- Associated Press - Tuesday, September 21, 2010

ATLANTA (AP) - Tom Callahan first met Earl Woods in 1996 at the Greater Milwaukee Open, and he spent the next 10 years listening to stories and gaining insight. Few others had such access and trust.

The hard part was convincing his agent and a publisher that a book on the late father of Tiger Woods was worth writing.

“Nobody wanted me to do this book,” Callahan said. “They figured, ‘Who cares about Earl Woods?’”

Of all the books involving the world’s No. 1 player, this might be the most compelling.

“His Father’s Son,” published by Gotham Books, is scheduled to go on sale Oct. 28. Golf Digest, for whom Callahan is a contributing editor, plans to publish excerpts in its November issue.

Callahan devotes the first half of the book to Earl Woods _ his Kansas roots, the prejudice he faced as the only black baseball player at Kansas State; his military career; his first marriage, which produced three children; meeting his second wife in Thailand.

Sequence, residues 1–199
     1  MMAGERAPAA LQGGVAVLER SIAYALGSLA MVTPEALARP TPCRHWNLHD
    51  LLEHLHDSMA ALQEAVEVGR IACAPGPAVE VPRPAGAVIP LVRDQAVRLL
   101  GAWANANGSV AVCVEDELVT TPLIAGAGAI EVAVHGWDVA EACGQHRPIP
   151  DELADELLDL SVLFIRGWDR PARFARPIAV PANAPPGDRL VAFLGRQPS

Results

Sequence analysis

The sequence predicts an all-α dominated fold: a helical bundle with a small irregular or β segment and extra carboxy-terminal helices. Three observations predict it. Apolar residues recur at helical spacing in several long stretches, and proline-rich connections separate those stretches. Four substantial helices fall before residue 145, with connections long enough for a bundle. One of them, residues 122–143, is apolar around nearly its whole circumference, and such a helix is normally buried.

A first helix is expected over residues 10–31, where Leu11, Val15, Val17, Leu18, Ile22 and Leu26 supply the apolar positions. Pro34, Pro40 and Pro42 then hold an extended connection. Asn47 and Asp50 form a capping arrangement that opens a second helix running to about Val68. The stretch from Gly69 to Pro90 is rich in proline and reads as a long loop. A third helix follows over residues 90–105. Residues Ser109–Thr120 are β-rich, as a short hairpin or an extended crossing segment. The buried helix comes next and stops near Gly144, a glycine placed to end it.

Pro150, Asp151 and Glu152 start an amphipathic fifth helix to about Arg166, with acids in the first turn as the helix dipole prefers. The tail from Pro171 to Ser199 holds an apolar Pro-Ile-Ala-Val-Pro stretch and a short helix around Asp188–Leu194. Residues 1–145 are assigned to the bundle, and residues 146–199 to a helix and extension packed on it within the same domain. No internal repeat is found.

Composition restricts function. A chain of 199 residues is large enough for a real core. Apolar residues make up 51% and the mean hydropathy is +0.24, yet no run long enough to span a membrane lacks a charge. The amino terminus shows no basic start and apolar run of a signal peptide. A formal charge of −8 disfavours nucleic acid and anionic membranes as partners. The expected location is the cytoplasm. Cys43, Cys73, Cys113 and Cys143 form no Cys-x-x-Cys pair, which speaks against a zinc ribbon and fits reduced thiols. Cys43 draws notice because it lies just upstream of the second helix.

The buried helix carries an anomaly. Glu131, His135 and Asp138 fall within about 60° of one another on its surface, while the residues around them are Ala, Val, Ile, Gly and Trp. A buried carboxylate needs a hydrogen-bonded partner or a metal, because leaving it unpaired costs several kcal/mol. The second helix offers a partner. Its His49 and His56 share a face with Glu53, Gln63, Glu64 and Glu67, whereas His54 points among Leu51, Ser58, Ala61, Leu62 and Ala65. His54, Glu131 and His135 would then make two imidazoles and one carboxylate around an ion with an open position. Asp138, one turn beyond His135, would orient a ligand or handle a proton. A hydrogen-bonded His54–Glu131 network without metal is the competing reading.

The second half is about Tiger Woods.

At times, the lines are blurred.

Callahan portrays Earl Woods as a womanizer, minus the names or the details. In one chapter, he writes about Tiger being furious with his father toward the end of his life. Earl implied that Tiger had to buy him out of what Callahan described only as “some kind of sexual jackpot.” It was Woods’ mother, Kultida, who served as peacemaker, urging her son to forgive his father.

Callahan was well into writing the book on Nov. 27, when Woods ran over a fire hydrant outside his Florida home, and soon after lurid details of his sexual escapades began gushing out in the media.

“The funny thing is, it didn’t change the book that much,” Callahan said. “The original outline was 40 chapters. I ended up with 31. Nine that were lost were melted into other chapters in the first half. I waited half a book to get to Tiger. I didn’t want people to be impatient.”

His publisher asked if Callahan was going to contact some of the women linked to Tiger.

“I said, ‘No, I don’t care about them,’” he said. “Leave that to the floozy books.”

This book was always about the intricate relationship between a father, who didn’t touch a golf club until he was 42, and a son, who has dominated golf at every level.

Callahan was fond of Earl Woods. The intention was not to bash either father or son, although he doesn’t duck any of the dirt.

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